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Charles Moore

Charles Moore is an art historian, writer and curator based in New York and author of the book The Black Market: A Guide to Art Collecting and The Brilliance of the Color: Black through the eyes of art collectors. He currently is a third-year doctoral student at Columbia University Teachers College, researching the life and career of abstract painter Ed Clark.

Julian Opie: [email protected]/London

According to artist Julian Opie (b. 1958), there’s a complete shift in the way people understand imagery today. Often, Opie notices viewers reaching for their pockets in search of their phones, in hopes of documenting the art they observe. Yet, with work that incorporates virtual reality (VR), photographs can’t be taken because the work isn’t truly there. Those who are curious about the implications of this are invited to fasten their portable headsets and immerse themselves in Opie’s unique take on VR. In a show titled [email protected]/London currently open at Lisson Gallery in London, the renowned artist is showcasing both virtual reality and non-VR works in a groundbreaking multiroom experience, blending the body, architecture, and space in a manner that forces the viewer to focus on the story unfolding before them.

Kenturah Davis: (a)Float, (a)Fall, (a)Dance, (a)Death

The exhibition centers on motion above all else—stemming from an open-ended question on the apparatus of words, and how communication guides, or perhaps structures, the way human beings exist in the world.

Phyllis Stephens: The Movement of Material

Stephens, a fifth-generation quiltmaker, prayed and subsequently investigated the art of dance to bring her ten-work exhibition to life. In each tapestry, Black men and women dance, either alone or in pairs, indoors or outdoors, always fully engaged with their surroundings and emotions.

The New Bend

Curated by Legacy Russell, The New Bend features the works of twelve contemporary artists exploring race and gender issues in the textile space. The exhibition celebrates Gee’s Bend cultures, blending regional tradition with the power of cooperative feminism that took place in the Boykin, Alabama area, where the women of Gee’s Bend made quilts to stay warm, protecting their children while they took shelter in unheated shacks without running water, phones, or electricity.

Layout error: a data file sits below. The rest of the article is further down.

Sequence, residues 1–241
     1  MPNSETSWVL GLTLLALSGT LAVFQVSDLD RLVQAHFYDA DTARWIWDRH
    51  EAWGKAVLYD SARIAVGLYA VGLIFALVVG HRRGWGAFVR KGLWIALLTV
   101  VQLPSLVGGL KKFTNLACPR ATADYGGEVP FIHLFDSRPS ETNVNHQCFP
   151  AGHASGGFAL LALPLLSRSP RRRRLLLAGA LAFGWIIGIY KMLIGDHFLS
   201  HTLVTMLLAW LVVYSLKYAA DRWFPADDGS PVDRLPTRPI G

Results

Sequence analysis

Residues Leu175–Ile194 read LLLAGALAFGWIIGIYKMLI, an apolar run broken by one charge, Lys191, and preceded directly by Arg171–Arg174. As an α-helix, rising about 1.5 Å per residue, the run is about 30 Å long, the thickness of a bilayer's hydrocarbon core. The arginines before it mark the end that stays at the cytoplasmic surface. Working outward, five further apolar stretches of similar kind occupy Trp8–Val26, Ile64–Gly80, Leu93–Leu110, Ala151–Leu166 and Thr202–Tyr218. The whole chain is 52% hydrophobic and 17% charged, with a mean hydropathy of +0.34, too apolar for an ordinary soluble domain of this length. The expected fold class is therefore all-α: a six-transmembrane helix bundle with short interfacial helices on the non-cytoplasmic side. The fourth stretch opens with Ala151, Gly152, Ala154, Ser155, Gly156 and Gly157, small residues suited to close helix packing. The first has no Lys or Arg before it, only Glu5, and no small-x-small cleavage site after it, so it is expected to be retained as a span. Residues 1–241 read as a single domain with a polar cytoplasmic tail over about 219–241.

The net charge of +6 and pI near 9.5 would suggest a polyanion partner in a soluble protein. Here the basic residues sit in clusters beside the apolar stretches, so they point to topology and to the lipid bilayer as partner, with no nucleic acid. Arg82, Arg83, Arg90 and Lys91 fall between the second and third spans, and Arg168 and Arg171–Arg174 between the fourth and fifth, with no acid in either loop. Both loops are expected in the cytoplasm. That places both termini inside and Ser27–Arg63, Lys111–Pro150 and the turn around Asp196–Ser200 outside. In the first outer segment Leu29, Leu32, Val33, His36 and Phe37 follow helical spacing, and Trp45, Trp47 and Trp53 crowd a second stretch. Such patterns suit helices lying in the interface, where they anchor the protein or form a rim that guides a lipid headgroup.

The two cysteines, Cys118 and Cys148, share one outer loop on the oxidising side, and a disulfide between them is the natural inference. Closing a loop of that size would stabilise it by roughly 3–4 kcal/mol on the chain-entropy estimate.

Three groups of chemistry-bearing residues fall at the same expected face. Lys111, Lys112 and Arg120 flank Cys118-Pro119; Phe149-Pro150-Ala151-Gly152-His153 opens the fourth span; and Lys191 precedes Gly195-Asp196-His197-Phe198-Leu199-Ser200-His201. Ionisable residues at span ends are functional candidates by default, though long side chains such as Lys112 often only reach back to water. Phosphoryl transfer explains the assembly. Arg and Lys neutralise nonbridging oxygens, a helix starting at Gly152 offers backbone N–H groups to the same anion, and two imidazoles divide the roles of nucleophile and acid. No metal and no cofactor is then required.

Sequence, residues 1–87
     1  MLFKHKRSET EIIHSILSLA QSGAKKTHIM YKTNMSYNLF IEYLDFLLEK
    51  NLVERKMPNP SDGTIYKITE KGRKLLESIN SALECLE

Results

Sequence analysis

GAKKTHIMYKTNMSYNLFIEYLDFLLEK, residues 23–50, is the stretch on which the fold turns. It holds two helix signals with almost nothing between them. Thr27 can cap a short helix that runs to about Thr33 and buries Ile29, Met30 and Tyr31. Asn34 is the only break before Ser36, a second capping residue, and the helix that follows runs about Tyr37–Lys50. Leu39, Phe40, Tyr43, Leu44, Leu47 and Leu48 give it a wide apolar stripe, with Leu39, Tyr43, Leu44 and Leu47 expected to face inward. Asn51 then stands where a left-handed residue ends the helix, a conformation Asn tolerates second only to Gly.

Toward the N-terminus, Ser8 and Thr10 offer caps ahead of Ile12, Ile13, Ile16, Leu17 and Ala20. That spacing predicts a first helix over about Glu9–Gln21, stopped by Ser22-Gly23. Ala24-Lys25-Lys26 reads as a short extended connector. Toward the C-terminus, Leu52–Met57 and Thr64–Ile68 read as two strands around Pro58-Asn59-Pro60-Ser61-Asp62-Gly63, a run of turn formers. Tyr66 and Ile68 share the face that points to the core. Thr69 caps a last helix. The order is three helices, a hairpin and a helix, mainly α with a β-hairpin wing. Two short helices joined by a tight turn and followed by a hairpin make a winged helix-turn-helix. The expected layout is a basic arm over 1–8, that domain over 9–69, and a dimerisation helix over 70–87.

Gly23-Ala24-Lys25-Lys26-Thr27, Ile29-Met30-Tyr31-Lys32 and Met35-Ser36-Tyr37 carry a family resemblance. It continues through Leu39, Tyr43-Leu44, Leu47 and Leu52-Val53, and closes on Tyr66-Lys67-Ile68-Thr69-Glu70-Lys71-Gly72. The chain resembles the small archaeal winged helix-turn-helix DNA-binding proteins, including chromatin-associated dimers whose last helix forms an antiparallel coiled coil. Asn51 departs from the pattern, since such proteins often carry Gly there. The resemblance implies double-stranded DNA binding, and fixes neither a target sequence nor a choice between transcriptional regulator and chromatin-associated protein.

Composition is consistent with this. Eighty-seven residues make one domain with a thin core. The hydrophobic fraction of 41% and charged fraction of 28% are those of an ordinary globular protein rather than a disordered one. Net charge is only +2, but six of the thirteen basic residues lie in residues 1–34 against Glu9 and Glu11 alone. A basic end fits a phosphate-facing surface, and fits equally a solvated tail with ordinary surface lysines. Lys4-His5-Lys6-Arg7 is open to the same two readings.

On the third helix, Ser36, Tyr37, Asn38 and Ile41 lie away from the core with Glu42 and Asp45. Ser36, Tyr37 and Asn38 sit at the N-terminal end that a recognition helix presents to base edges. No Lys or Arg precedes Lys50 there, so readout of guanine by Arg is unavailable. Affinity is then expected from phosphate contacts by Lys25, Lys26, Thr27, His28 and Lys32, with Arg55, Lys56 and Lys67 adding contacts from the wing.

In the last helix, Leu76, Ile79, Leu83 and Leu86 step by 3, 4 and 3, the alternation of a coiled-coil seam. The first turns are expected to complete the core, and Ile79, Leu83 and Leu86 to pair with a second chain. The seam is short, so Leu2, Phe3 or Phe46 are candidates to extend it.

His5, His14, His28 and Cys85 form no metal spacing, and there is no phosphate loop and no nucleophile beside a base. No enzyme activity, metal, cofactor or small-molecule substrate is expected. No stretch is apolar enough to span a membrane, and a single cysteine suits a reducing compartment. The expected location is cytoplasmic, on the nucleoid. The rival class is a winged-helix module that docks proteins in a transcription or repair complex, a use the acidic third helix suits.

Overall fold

David Hockney: 20 Flowers and Some Bigger Pictures

Known for his vibrant palette and depictions of Los Angeles in the 1960s and ’70s, Hockney has evolved in the new millennium. 20 Flowers and Some Bigger Pictures, on view at Pace Gallery from January 13 through February 25, 2023, only reinforces this.

Hana Yilma Godine: Substance in Ethiopia

The human body, according to Godine, exists in a communal space that transcends time and place, rooted in a continual energy exchange with the environment.

Tariku Shiferaw: It’s a love thang, it’s a joy thang

Tariku Shiferaw’s It’s a love thang, it’s a joy thang embodies Black joy—but not in the sense that people might think. In his latest exhibition, the artist pays homage to quotidian pleasures: those often referenced in the jazz era, a time when the greats sang about their daily lives.

Xavier Daniels: Cry Like A Man

Xavier Daniels’s solo exhibition Cry Like a Man underscores the catharsis of vulnerability. On view at the Richard Beavers Gallery through December 30th, the eleven-work show is a catalyst for change.

Ambrose Rhapsody Murray: Within Listening Distance of the Sea…

Ambrose Rhapsody Murray’s solo exhibition Within Listening Distance of the Sea… at Fridman Gallery features several of the artist’s sewn and painted textiles, as well as a short film made with Logan Lynette and Heather Lee, culminating in an unparalleled depth of experience.


The Brooklyn Rail

MARCH 2023

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